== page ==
Architecture and Planning ETDs

Publication Date

Fall 8-16-2017


Although public safety has long been an integral aspect of planning, issues such as police violence and reform have been left to other professions and fields of study. Despite the fact that planning policy is executed and enforced by police power, and despite the fact that planning has a lengthy history of perpetuating structural inequality that condemns marginalized communities to higher rates of police violence and premature death, planners are rarely encouraged to consider the intersections of planning and police violence. By reviewing the history of planning and policing as interconnected mechanisms of social engineering and control, this research attempts to broaden the scope of responsibility for planners to include police violence and reform. This research will examine police-community relations meetings as a reform approach and demonstrate that while police-community meetings have been praised as progressive and innovative reform, city officials and police administrators have actually been using processes like the collaborative as far back as the 1960s. This research specifically examines policing in Albuquerque and the Albuquerque Collaborative on Police-Community Relations launched by the City of Albuquerque as a planning process ostensibly to address police violence. However, by analyzing power dynamics embedded within the design, process and participation of the ACPCR, this research will argue the Albuquerque collaborative served to shore up police legitimacy rather than transform policing as it was practiced in Albuquerque.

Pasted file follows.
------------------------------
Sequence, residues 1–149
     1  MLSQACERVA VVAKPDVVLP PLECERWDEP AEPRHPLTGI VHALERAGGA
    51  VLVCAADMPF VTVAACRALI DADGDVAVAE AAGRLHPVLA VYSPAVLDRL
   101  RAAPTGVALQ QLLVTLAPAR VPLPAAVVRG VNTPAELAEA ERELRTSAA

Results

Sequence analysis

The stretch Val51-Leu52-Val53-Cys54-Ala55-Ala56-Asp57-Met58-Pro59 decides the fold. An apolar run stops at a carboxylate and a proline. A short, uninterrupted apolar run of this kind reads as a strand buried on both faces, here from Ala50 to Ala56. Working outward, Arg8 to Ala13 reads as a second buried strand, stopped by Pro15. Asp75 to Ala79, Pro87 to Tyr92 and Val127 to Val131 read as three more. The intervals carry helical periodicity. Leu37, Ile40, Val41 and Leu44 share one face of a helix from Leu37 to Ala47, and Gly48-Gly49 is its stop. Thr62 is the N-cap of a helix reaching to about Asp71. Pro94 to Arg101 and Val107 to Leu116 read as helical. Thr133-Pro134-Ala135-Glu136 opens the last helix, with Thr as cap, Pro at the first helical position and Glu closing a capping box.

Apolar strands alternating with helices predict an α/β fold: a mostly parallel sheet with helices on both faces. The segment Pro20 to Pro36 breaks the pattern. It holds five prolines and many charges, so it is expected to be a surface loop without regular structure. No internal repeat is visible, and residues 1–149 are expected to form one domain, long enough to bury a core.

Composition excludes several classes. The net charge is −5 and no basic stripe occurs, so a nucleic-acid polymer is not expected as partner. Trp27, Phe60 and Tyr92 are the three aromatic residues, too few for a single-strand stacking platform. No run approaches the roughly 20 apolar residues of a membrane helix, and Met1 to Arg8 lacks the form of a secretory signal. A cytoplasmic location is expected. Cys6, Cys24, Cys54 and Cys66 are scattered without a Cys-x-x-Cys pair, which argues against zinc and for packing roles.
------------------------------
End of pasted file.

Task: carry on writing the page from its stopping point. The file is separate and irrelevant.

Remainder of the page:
Document Type


Degree Name

Community and Regional Planning

Level of Degree


Department Name

School of Architecture and Planning

First Committee Member (Chair)

Dr Claudia Isaac

Second Committee Member

Dr David Correia

Third Committee Member

Dr Laura Harjo